Objectives. To assess the effect of 2-way short message service (SMS) with a nurse on postpartum contraceptive use among individual women and couples.
Methods. From 2016 to 2017, we conducted a randomized controlled trial at 2 public hospitals in western Kenya. We assigned eligible pregnant women to receive 2-way SMS with a nurse or no SMS, with the option to include male partners. We delivered automated family planning–focused SMS messages weekly until 6 months postpartum. Women and men receiving SMS could interact with nurses via SMS. In intention-to-treat analysis, we compared highly effective contraceptive (HEC) use at 6 months postpartum between groups using the χ2 test. We used Poisson regression in adjusted analysis.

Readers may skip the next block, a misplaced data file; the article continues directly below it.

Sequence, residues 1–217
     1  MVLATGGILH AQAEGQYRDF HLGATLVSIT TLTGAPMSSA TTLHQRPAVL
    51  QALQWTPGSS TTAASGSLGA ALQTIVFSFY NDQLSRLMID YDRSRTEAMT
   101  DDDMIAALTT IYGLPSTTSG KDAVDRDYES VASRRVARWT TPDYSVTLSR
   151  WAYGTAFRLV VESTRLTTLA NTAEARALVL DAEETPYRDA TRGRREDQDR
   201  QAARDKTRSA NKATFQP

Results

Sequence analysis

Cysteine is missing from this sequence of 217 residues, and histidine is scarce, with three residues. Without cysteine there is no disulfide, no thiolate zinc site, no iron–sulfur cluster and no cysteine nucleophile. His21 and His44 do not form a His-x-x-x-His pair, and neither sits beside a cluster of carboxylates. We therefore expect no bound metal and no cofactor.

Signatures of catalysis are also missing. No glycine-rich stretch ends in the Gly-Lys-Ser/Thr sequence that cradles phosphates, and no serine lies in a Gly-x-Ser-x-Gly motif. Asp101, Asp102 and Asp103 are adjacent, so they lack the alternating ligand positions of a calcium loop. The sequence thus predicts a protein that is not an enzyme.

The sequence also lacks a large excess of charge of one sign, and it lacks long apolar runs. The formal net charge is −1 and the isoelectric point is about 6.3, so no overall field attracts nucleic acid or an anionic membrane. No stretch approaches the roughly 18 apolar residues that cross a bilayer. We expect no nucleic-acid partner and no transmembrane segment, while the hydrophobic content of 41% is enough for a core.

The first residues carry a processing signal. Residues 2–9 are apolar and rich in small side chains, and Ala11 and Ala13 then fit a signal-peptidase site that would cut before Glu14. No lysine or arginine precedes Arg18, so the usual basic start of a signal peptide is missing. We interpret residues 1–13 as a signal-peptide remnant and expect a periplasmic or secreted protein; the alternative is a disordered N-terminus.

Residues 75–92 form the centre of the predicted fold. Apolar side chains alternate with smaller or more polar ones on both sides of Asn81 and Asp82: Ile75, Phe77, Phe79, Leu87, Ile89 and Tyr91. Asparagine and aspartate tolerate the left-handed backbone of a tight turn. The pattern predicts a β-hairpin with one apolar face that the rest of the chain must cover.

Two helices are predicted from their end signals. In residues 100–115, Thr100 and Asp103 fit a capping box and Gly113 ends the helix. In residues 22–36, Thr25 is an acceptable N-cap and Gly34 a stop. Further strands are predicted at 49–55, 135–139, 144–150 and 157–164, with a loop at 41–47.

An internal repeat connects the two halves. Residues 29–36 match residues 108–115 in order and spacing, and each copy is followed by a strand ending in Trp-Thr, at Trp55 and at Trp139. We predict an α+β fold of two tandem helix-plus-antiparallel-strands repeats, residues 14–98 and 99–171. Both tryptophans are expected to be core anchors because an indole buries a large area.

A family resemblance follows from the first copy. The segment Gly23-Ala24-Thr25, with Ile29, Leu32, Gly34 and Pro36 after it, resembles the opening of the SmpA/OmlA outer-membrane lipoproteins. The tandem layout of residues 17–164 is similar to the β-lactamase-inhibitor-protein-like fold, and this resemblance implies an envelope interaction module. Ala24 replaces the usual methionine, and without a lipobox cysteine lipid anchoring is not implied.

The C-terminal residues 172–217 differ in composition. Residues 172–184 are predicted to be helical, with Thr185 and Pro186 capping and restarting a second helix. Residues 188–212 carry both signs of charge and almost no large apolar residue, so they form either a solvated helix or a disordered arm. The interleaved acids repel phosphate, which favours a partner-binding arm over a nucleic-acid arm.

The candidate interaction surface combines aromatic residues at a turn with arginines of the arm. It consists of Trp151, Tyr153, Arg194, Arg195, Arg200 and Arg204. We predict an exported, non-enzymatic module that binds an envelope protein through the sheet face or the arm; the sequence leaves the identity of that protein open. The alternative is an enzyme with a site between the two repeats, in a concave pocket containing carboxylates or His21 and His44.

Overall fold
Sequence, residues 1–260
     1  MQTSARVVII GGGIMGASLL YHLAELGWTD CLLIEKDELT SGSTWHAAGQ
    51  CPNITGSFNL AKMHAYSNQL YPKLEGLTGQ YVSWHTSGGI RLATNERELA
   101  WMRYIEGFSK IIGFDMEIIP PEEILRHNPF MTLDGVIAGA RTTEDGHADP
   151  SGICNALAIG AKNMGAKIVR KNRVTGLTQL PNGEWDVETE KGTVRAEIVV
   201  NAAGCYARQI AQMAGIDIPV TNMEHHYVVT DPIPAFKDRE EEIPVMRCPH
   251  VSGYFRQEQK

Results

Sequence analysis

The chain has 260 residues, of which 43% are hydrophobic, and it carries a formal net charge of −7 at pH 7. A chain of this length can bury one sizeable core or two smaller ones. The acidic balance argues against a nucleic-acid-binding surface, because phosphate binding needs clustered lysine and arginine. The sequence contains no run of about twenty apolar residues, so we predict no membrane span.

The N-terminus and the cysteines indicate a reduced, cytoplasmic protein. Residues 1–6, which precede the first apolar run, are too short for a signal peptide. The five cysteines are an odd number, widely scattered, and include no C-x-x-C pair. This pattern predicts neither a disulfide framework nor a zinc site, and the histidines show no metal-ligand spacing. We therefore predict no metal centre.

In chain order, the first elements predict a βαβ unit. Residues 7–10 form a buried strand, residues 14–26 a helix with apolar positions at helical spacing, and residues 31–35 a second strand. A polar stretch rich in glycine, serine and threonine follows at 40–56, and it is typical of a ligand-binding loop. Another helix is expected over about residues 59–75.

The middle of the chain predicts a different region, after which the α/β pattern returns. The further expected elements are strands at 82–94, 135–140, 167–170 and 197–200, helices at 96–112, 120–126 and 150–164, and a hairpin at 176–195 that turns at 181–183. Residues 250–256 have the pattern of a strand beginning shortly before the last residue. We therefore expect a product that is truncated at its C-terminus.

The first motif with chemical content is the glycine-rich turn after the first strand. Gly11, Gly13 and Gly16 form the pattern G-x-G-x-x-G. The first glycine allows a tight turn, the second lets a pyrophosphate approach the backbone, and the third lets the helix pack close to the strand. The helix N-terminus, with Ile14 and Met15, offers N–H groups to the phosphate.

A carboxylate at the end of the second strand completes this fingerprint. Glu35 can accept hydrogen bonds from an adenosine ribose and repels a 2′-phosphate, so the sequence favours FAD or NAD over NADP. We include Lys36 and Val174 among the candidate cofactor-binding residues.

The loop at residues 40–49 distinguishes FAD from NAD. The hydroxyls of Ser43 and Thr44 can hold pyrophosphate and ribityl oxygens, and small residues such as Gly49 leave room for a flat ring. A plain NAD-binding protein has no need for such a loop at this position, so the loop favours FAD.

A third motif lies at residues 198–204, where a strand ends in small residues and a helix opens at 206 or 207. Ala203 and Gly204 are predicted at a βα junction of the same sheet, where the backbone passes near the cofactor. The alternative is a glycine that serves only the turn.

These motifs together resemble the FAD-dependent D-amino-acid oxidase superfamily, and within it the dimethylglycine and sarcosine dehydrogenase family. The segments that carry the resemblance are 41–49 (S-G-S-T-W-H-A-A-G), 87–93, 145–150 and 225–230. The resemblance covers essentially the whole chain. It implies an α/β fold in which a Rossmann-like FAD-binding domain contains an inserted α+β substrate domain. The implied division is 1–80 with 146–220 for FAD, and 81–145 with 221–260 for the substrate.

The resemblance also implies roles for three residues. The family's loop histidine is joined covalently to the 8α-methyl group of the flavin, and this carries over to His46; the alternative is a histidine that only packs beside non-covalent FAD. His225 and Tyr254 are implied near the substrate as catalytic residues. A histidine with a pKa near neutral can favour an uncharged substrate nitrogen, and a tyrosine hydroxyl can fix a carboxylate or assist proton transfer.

Results. We randomized 260 women to 2-way SMS or control, and we enrolled 103 male partners. At 6 months postpartum, 69.9% women receiving SMS reported HEC use, compared with 57.4% in control (relative risk = 1.22; 95% confidence interval [CI] = 1.01, 1.47; P = .04). In analysis adjusted for baseline demographic differences, the adjusted relative risk for HEC use in the SMS group was 1.26 (95% CI = 1.04, 1.52; P = .02).
Conclusions. Two-way SMS with a nurse, including optional male participation, increased postpartum contraceptive use.
Trial Registration. ClinicalTrials.gov; identifier: NCT02781714.
- Elizabeth K. Harrington and Jennifer A. Unger are with the Department of Obstetrics & Gynecology, University of Washington, Seattle. Alison L. Drake, Keshet Ronen, Grace John-Stewart, and Jennifer A. Unger are with the Department of Global Health, University of Washington, Seattle. Grace John-Stewart is also with the Departments of Medicine, Pediatrics, and Epidemiology, University of Washington, Seattle. Alfred O. Osoti is with the University of Nairobi, Nairobi, Kenya. Daniel Matemo and John Kinuthia are with the Kenyatta National Hospital, Nairobi, Kenya.